Macro photography for a trade stand
Trade stand display poster macro photography
Photographing small components for a trade show display
Recently, Torex Semiconductors (Europe) asked Keith if he could produce an ‘interesting’ image for posters at the Electronica show in Germany.
The poster needed to be printable at up to 2 metres by 3 metres with clear detail of the tiny electronic components and include items that would instantly give an indication of scale.
After some discussion and experimentation, we decided that the bright colours of ‘Gummi bears’ might work well, and at 20mm high, the size would be quite apparent.
This short article shows some of the setup used to produce the photo.
Macrophotography is one of the specialist areas of photography Northlight Images provides for our commercial clients.
Small product photos – working with bears
One of the reasons for picking the jelly bears was that they come in bright colours and if suitably lit from behind give an interesting mix of lighting options.
Here are some of the extras got in for the shoot – several would vanish each time Karen visited the studio to check on the work…
The basic setup I’m using is a Canon 5Ds camera with the TS-E90mm tilt shift lens.
The camera has a 50MP sensor, so I’m not concerned about the size of print required.
The lens is just being used as a good quality 90mm lens, with the tilt and shift locked off. I could use tilt to run the plane of focus along the small chips, but at this distance the thickness of the depth of field is tiny, and very obvious in a large print.
Whilst people use lens tilt to give a ‘miniature world’ look to images, I want just the opposite.
The flash is a Canon MT-20EX dual head macro flash, attached to the top of the camera with a short extension cord.
The camera needs to be closer than the 90mm will focus, so I’ve added a 31mm extension tube.
It’s a this point I think I’d like to see an updated version of the Canon 180mm macro lens…
The camera is mounted in portrait orientation, on a slide rail (for quick manual adjustment), which is itself on a Cognysis StackShot motorised slide rail, fitted to a solid pan head on the arm of a hefty studio stand.
This sounds a bit prone to slip, vibration and movement, but the key is the heavy duty studio stand.
The software controlling the movement of the camera is Helicon Remote, which allows me to set start and end points for the movement of the camera and takes photos along the way.
Once the shots are taken, I use Helicon Focus to stack the shots together – I’ve some more about this in the recent article I wrote about making your own telecentric macro lens.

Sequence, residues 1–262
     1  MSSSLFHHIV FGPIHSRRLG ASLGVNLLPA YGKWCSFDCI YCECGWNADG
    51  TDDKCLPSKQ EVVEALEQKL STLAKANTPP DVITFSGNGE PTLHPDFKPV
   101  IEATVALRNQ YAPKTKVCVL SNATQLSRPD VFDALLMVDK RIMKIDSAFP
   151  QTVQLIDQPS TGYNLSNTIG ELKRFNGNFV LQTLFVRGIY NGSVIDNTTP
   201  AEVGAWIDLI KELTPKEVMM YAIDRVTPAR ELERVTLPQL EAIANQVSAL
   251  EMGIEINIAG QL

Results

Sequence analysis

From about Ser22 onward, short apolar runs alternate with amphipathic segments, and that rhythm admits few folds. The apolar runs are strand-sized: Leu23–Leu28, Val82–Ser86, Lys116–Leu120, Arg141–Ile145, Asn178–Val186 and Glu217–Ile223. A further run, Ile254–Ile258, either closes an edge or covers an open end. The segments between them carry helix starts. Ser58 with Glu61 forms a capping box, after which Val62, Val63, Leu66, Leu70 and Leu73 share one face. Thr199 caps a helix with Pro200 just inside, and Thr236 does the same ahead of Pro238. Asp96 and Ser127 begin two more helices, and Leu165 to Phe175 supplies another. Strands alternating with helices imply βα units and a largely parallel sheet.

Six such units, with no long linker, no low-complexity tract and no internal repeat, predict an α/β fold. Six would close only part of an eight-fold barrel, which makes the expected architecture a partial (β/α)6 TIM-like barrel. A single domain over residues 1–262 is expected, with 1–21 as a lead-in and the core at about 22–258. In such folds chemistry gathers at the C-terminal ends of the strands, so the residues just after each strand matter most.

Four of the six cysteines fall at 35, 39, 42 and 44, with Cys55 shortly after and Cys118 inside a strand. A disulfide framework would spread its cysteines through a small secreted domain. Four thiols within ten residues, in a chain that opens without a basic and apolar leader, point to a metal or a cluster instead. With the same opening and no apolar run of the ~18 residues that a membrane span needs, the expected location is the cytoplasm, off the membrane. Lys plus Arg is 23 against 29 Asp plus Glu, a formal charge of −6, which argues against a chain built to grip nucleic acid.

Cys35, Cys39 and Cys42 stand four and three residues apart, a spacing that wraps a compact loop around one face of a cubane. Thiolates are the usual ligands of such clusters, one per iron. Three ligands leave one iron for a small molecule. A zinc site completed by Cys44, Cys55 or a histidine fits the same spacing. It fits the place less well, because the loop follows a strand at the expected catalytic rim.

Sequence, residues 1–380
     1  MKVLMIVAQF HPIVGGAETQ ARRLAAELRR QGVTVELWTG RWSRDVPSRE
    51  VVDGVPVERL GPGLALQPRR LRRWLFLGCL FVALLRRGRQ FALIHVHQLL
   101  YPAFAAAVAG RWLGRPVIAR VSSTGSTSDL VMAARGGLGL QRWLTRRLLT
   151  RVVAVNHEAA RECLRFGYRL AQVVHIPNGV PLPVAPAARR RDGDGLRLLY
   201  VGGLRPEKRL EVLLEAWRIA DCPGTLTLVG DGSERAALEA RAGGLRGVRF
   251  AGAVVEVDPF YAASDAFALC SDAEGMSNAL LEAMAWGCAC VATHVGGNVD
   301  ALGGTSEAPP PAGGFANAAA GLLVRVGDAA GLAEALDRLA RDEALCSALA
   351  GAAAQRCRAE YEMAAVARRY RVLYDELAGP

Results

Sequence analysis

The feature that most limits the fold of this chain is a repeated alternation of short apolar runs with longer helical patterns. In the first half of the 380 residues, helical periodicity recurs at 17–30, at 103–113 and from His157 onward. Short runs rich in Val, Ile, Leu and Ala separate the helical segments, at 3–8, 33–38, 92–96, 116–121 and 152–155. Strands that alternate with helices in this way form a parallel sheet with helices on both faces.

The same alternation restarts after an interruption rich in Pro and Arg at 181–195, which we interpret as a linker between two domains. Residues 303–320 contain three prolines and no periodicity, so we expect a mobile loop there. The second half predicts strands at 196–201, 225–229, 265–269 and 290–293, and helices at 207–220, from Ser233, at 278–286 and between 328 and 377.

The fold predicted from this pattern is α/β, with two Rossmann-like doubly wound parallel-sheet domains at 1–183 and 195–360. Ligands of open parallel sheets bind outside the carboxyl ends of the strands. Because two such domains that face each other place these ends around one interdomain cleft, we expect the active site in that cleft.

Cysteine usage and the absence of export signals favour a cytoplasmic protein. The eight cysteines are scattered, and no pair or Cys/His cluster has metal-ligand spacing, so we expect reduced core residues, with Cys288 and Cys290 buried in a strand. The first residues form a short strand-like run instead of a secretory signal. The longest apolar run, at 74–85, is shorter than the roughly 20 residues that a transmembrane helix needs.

Getting the bears in place
It takes quite a bit of fiddling round to get the bears lined up and to position the flash heads.
This is just like working in a much bigger studio – many of the considerations are the same, but your props are edible.
You can see just how narrow the depth of field is in this view – I want the area of sharpness to cover the whole of the circular area.
What’s the surface I’m shooting on?
It’s the top cover of a failed disk drive from one of our servers.
I want to give the impression that the bears are gathered round a pond, looking at the strange things that have appeared, and wondering what to do…
I’m stepping from near to far focus points here, and will need some 25 shots to make a clean stack.
Note how the framing changes as the camera moves (the lens setup is not telecentric). Fortunately Helicon Focus can take care of this during the processing, but you do need to allow for this to differing degrees depending on lens choice and subject distances.
The finished photo of bears and the pool of chips
Anyway, here’s the finished version of the shot, as used for some of the display posters.
The cropped photo below gives an idea of the detail in the shot.
The image was of high enough resolution for a brochure background.
If I was creating images just for this application, I’d use a different lens system, but you have to be careful when changing lenses, in that your viewpoint changes, and with that the perspective of the set of stacked shots. With practice you get a good feel for what to expect, but there is always a bit of experimentation required for work like this. Quite a few of our jobs have started with “I don’t know if you could photograph this, but…”
Here’s one of the prints of the image produced for the trade show.
I believe that small packs of the bears were given away too…
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